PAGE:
A potential opportunity for South Korea is attracting more international tourism from Southeast Asia. The number of Chinese tourists in South Korea has plummeted as a direct result of THAAD, with a 40 percent drop in March. This is concerning given that China contributes nearly half of South Korea’s foreign visitors. According to the LG Economic Research Institute, Chinese tourists spent $13.7 billion in South Korea in 2015, over 62 percent of its foreign tourism revenue. However, because ASEAN and South Korea jointly designated 2017 as the ASEAN-ROK Cultural Exchange Year, there are already plans to increase youth exchange programs and foreign investment. South Korea could capitalize on these programs to develop and expand sustainable tourism with its ASEAN partners. Generally speaking, larger numbers of tourists from ASEAN member countries have been traveling to South Korea over time. While Southeast Asian tourists are unlikely to replace the depleted numbers of Chinese tourists in South Korea, increased tourism could at least help alleviate the problem while also contributing to South Korea’s overall mission of expanding cultural exchange.

Patrick Niceforo is a graduate student at the Middlebury Institute of International Studies and an intern at KEI. The views expressed here are the authors’ alone.

Photo from Nicolas Mirguet’s photostream on flickr Creative Commons.

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Chinese Tourists to South Korea Drop 40 Percent in March Amid THAAD Row

By Jenna Gibson

It’s official – new numbers from March confirm that China’s THAAD retaliation has significantly cut into South Korea’s tourism industry.

According to new data released today by the Korea Tourism Organization, the number of Chinese tourists arriving in South Korea fell 40 percent year-on-year in March 2017.

Only 360,782 Chinese visitors came to South Korea in March, down from 601,671 in March last year.

Considering that China’s alleged travel ban only took effect on March 15, about halfway through the month, it’s possible that April’s drop could be even more dire.

South Korea’s tourism industry is heavily reliant on Chinese visitors – in 2016, they made up 47 percent of all tourist arrivals and 70 percent of sales at Korean duty free shops.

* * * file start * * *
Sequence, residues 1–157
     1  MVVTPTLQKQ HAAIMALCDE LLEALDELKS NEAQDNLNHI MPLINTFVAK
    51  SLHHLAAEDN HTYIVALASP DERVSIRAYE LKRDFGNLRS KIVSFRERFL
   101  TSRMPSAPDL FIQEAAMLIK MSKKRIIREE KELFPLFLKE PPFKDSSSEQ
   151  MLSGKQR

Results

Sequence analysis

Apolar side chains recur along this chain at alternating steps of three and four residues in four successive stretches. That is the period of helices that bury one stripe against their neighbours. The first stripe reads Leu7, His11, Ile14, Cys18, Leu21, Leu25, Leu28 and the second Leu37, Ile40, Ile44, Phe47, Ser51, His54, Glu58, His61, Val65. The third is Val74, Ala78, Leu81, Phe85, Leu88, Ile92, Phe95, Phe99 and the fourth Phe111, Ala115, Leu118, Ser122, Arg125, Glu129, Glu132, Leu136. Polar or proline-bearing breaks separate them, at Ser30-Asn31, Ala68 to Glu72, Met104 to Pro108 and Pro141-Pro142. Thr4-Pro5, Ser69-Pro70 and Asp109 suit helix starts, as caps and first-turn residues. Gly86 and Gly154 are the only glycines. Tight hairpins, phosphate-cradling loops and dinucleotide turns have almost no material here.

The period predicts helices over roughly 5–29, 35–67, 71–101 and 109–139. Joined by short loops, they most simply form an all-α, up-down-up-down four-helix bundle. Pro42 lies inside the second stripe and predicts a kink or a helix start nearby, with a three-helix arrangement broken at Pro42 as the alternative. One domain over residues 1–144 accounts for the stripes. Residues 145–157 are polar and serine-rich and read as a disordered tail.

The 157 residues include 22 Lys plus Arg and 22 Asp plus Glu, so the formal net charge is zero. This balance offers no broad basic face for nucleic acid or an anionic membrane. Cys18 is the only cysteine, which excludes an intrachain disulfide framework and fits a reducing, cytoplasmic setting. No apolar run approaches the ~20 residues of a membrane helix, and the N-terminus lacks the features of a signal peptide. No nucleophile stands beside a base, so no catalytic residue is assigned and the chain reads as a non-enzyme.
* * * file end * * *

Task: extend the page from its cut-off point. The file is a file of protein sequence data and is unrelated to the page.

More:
According to a previous KEI article, “Chinese tourists spent an average of $2,391 per person while visiting Korea – meaning the 8 million Chinese tourists who visited Korea in 2016 brought nearly $20 billion into the local economy.” So, if the 40 percent cut in visitors results in a corresponding drop in revenue, the Korean tourism industry could lose up to $7.7 billion as a direct result of China’s THAAD retaliation.

Chinese Tourism Graph March

There is a silver lining in the March tourism data. Despite this massive 40 percent drop in visitors from China, the total number of people entering South Korea in March was down only 11.2 percent over March 2016. This is thanks in large part to a 22 percent jump in visitors from Japan, the second-largest group of tourists in Korea after China.

Other countries such as Taiwan, Myanmar, Vietnam and Mongolia also showed significant increases. This may be a good sign for the Korean government, which is heavily targeting Southeast Asia and the Middle East to diversify the industry and decrease their reliance on tourists from China.

The Ministry of Culture, Sports and Tourism is reportedly focusing more on advertising in Southeast Asia and Japan, and Seoul has started posting signs at major tourist destinations in Bahasa Indonesia, Malaysian, Thai and Vietnamese.

In addition, the KTO has been increasing their focus on tourists from Muslim-majority countries, helping local restaurants get halal accreditation and even hosting a Halal Restaurant Week at the end of last year to highlight Korean food options for Muslim visitors.

Meanwhile, just after the ban took effect, the Korean Ministry of Trade, Industry and Energy promised to provide 400 billion ($349 million) to support businesses affected by the THAAD retaliation, including those in the tourism industry.

This is not the first crisis that the Korean tourism agency has dealt with in recent years. During the peak of the Middle East Respiratory Syndrome (MERS) outbreak in July 2015, total tourism arrivals were down 53.3 percent over the year before, including a 63.1 percent drop in arrivals from China. Later that year, the Korea Culture and Tourism Institute estimated that MERS cost the tourist industry 3.4 trillion won ($3 billion) in lost revenue. The fact that the tourism industry was able to bounce back from that significantly greater drop bodes well for its ability to deal with this crisis as well.